Sensory and Motor Coordination or Function
Students must have sufficient sensory and motor function to perform a physical examination utilizing palpation, compression, retraction, resistance, auscultation, percussion, and other diagnostic maneuvers. In general, this requires the ability to sense touch, pain, temperature, position, pressure, movement, shape, and vibration. A student should be able to execute motor movements required to provide general care. Specific requirements include but are not limited to the following abilities: assisting a patient to move from one position to another; guarding a patient while walking on level and uneven ground, ramps and during stair climbing; providing appropriate resistance to all parts of the body; and mobilizing joints of the body. A student must be able to provide emergency care to patients. They must be able to measure blood pressure and pulse efficiently and accurately. Students must respond promptly to urgencies within the classroom, hospital or clinic, and must not hinder the ability of co-workers. A student needs to be able to measure angles and diameters of various body structures using a goniometer and a tape measure. Students must possess adequate strength and endurance to tolerate physically demanding workloads sustained over the course of a typical work or school day.
Intellectual-Conceptual Integrative and Quantitative Abilities
Students must have the cognitive abilities necessary to recognize, gather and process data from a variety of sources. These abilities include numerical recognition, measurement, calculation, reasoning, analysis, judgment, and synthesis. Problem solving, a critical skill of physical therapists, requires all of these intellectual abilities, and must be performed quickly, especially in emergency situations. Students must identify significant findings from history, physical examination, and laboratory data. Students must use this data to formulate an appropriate intervention using new information from peers, faculty and appropriate literature.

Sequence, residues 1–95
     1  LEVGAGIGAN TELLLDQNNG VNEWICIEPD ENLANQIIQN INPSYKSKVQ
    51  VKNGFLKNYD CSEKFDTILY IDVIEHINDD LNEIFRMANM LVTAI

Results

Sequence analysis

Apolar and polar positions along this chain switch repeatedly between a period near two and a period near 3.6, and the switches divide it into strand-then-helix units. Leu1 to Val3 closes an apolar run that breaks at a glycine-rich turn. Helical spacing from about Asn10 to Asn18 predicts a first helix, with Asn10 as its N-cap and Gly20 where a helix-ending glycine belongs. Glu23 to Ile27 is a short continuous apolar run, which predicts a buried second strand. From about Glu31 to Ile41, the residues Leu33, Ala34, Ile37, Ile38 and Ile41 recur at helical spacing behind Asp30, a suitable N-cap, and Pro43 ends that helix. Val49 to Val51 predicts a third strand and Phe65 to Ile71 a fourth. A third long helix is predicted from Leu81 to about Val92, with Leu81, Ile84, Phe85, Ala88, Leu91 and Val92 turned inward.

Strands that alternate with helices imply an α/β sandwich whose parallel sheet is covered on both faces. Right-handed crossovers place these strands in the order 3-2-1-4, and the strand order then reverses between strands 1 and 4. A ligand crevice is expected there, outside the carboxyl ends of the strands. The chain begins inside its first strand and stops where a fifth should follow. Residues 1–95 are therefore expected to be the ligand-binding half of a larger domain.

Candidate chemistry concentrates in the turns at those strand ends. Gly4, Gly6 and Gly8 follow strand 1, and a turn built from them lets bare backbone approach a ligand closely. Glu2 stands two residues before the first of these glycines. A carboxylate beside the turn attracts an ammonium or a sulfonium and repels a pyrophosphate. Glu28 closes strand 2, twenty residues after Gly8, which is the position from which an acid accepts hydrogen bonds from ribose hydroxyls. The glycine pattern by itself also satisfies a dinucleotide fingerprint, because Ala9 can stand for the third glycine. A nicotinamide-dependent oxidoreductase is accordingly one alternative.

Students must possess personal behavioral attributes to effectively function as a health care provider. Empathy, integrity, honesty, concern for others, interpersonal skills, interest and motivation are all personal qualities that are required. Students must possess the emotional health required for full use of their intellectual abilities, exercise appropriate judgment, and complete all responsibilities related to patient care. At times, this requires the ability to be aware of and appropriately react to one’s own immediate emotional responses. For example, students must maintain a professional demeanor and organization in the face of long hours and personal fatigue, dissatisfied patients, and tired colleagues. Students must be able to develop professional relationships with patients, providing comfort and reassurance when appropriate while protecting patient confidentiality. Students must develop respect for individuals and cultural beliefs and practices even when these differ from their own. Students must be able to work in groups, adapt to changing environments, display flexibility, function effectively under stress and learn to function in the face of uncertainties inherent in clinical situations. Students are expected to self-assess, accept appropriate suggestions and criticism and, if necessary, respond by modification of behavior.